Then, round the answer to three significant figures (take the first three digits, and then round off the 3rd digit accordingly, and get rid of any trailing zeroes that appear AFTER the decimal point).

    The second part asks for the smallest circumference. C = 2 x pi x radius. You want the smallest circumference, so use the lower bound of the radius. Then round your answer to 3 sig figs. Include units for both.

    Numerical solution (only check once you've had a go):
    Spoiler:
    Show
    UB = 5.5cm, LB = 4.5cm
    Max Area = 5.5^2 x pi = 95.0331... = 95.0cm^2 to 3 sf
    Min Circumference = 2 x 4.5 x pi = 28.27433... = 28.3cm to 3sf
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    (Original post by K-Man_PhysCheM)
    OK, so when you see a question asking for the greatest or smallest something, you know you are probably going to need to use bounds. So the very first step is to find the upper and lower bounds of 5cm.

    The first part of the question asks for the greatest area of the circle. To find the greatest area, you need to use the biggest number, so you use the upper bound for the radius. Then you input the upper bound of the radius into the area of a circle equation: Area = radius^2 x pi (or A = r x r x pi). Use the pi button on your calculator, or 3.14159 if you don't have a pi button.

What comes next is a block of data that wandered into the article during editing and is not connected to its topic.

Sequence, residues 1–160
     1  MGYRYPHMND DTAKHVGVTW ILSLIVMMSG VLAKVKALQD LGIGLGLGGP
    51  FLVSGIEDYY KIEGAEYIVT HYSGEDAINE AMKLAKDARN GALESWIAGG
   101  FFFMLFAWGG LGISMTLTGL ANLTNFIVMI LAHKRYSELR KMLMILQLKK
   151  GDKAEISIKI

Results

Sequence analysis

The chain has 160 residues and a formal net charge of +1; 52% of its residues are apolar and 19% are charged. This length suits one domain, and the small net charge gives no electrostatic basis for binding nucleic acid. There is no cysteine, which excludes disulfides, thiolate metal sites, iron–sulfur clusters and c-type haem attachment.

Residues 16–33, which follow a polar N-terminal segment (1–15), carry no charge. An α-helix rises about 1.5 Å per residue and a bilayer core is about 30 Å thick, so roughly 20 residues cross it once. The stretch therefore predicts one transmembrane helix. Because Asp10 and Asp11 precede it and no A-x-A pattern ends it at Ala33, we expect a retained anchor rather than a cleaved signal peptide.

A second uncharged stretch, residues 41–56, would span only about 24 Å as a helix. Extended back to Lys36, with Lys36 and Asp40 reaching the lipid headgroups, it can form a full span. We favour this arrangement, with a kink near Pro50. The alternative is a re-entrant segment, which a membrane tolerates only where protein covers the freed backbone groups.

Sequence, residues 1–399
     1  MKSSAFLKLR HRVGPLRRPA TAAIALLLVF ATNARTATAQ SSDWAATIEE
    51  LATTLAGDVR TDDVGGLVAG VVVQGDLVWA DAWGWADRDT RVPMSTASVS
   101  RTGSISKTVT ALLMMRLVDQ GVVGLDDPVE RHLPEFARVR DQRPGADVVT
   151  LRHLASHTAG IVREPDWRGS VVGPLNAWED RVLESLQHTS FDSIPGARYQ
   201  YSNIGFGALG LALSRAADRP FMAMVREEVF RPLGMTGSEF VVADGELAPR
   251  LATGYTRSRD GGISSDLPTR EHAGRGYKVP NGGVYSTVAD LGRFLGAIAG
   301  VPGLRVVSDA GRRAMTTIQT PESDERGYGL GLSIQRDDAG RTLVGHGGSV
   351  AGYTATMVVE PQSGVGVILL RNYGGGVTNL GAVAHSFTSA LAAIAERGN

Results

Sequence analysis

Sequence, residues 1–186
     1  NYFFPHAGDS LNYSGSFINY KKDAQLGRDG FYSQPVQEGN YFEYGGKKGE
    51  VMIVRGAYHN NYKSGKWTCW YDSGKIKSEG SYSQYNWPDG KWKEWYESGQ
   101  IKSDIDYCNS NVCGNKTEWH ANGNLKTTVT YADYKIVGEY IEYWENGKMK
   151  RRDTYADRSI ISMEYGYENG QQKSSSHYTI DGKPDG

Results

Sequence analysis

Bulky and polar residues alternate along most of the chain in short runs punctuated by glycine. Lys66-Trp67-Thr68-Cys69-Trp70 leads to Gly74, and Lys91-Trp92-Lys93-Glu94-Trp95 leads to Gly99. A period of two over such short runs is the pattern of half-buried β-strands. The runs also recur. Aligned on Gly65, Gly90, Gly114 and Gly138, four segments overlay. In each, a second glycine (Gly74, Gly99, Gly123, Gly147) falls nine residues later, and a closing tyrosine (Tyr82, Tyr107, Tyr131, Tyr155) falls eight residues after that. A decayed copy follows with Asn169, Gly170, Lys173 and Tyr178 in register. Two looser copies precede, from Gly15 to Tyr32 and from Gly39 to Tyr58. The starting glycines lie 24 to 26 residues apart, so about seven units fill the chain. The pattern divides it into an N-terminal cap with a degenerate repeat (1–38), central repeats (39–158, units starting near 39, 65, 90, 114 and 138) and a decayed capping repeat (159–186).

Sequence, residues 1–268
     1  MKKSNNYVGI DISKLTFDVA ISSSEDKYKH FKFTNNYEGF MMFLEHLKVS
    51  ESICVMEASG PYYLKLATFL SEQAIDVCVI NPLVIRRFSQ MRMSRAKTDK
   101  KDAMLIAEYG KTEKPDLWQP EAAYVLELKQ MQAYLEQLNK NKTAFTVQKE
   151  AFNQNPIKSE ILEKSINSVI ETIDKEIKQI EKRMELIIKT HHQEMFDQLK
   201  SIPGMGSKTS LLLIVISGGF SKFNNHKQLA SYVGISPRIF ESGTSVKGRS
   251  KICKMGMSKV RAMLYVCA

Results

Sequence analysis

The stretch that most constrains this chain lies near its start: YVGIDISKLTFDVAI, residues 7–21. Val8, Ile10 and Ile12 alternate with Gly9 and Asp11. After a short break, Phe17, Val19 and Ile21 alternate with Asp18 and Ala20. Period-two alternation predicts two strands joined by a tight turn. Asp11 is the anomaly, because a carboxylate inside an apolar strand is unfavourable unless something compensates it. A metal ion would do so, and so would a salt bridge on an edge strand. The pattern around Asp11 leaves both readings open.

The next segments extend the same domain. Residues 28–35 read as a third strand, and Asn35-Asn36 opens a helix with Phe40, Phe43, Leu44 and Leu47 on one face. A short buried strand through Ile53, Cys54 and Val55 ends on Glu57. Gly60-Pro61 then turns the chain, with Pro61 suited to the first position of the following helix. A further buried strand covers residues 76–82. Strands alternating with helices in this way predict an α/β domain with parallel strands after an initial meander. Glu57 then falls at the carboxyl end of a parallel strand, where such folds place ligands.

Then, round the answer to three significant figures (take the first three digits, and then round off the 3rd digit accordingly, and get rid of any trailing zeroes that appear AFTER the decimal point).

    The second part asks for the smallest circumference. C = 2 x pi x radius. You want the smallest circumference, so use the lower bound of the radius. Then round your answer to 3 sig figs. Include units for both.